When to use: Short Synthetic Option Strategy is used when the investor is bearish on the stock in the near future (i.e. the investor expects the stock to fall in the near future).
How it works: In a short synthetic option strategy you sell 1 call option and buy 1 put option of the same underlying stock with the same expiry date and the same strike price. You believe that the market will be bearish until expiry.
For example: On 29th August 2013, the share of Indian Hotels (IHCL) was trading at Rs. 45.10, you decide to sell 1 call option with a strike price of Rs. 45.00 at a premium of Rs. 3.00. At the same time you buy a put option with a strike price of Rs. 45.00 at a premium of Rs. 2.15.
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Risk/Reward: In the short synthetic option strategy, your maximum risk will be unlimited and the maximum reward/profit which you stand to make from this trade will also be unlimited.
In the short synthetic strategy, loss will incur when the price of the underlying stock becomes higher than the strike price of the short call option, i.e. when the underlying stock price moves upward. Profit will be made when the price of the underlying stock is less than the strike price of the long put option, i.e. when the underlying stock price moves down.
For short call option: If the price of Indian Hotel share stays below Rs. 45.00 (i.e. the strike price of the short call option) until expiry, you will retain the entire premium amount (i.e. Rs. 3.00). If however the price rises above Rs. 45.00, the buyer of the call option may exercise his option and make a profit based on how far above Rs. 45.00 does the stock price rise. From the perspective of the seller of the call (you), you will start suffering a loss once the stock price rises above Rs. 48.00 (i.e. strike price + premium received).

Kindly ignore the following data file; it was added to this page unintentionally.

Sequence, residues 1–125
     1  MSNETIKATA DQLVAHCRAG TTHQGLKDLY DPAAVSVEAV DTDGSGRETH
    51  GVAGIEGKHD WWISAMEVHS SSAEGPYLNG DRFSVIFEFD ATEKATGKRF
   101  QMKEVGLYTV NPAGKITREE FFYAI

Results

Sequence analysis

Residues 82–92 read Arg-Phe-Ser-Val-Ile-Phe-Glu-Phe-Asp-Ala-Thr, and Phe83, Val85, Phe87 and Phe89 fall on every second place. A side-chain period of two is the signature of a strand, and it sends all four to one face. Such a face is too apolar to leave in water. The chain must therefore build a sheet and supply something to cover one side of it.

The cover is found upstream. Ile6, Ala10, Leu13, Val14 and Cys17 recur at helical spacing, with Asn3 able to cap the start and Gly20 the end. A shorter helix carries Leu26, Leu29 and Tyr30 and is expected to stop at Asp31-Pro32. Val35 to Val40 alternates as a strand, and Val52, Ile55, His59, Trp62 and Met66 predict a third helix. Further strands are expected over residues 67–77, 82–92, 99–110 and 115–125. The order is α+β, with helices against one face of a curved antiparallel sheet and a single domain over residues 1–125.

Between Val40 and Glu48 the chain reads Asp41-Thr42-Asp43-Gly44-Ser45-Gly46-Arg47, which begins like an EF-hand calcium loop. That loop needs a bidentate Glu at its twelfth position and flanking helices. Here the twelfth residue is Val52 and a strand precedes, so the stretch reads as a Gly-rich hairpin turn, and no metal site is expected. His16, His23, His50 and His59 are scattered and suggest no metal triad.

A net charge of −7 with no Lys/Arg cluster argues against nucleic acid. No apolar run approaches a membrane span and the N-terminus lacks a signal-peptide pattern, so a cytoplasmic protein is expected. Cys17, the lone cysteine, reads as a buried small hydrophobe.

For long put option: If the price of the share falls below Rs. 45.00 (i.e. the strike price of the long put option) until expiry, you can exercise your option but the price of the stock must fall below Rs. 42.85 (i.e. strike price minus the premium paid), for you to exercise your option and make a profit. If however, the stock price does not fall below Rs. 45.00 (i.e. the strike price) until the date of the expiry, you will not be able to exercise the option and the option will lapse worthless in which case you will lose the option premium of Rs. 2.15.
The table below shows the net payoff of the short synthetic option strategy at different spot prices upon expiry:
How to use the Short Synthetic Option Strategy Excel calculator
Just enter your expected spot price on expiry, option strike price and the amount of premium, to estimate your net pay-off from the Short Synthetic Option Strategy.
Note: The example and calculations are based assuming a single share though in reality options are based on lots of many shares. For example Indian Hotels option contract is for 4,000 shares. Accordingly the net premium received will be Rs 3,400 for 2 lots (i.e. 0.85*4,000) in our example.
Also Note: Unlike the buyer of an option who only pays the premium to buy the option, the seller of an option must deposit a margin amount with the exchange. This is because he takes an unlimited risk as the stock price may rise to any level. In case the price rises sharply above the strike price, the exchange utilises the margin amount to make good the profit which the option buyer makes. The amount of margin is decided by the exchange and it typically ranges from 15 % to 60 % based on the volatility in the underlying stock and market conditions. In the above example, as a seller of call option, you will have to deposit a margin of Rs. 25,830 (i.e. Strike price * Lot size * 16.85%) for selling/writing a lot of Indian Hotels call option. Note that the total value of your outstanding position in this case will be Rs. 1,80,000 (i.e. strike price * lot size).